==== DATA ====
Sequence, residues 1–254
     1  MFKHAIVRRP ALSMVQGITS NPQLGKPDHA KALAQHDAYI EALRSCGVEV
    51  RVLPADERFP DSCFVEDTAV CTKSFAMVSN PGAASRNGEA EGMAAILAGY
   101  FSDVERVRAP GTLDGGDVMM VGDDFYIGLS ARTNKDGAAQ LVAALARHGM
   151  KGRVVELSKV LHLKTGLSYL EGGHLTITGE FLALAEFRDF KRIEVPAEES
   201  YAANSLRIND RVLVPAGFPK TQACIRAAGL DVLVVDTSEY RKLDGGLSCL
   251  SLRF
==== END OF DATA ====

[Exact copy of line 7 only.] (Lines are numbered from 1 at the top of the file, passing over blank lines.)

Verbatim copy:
   251  SLRF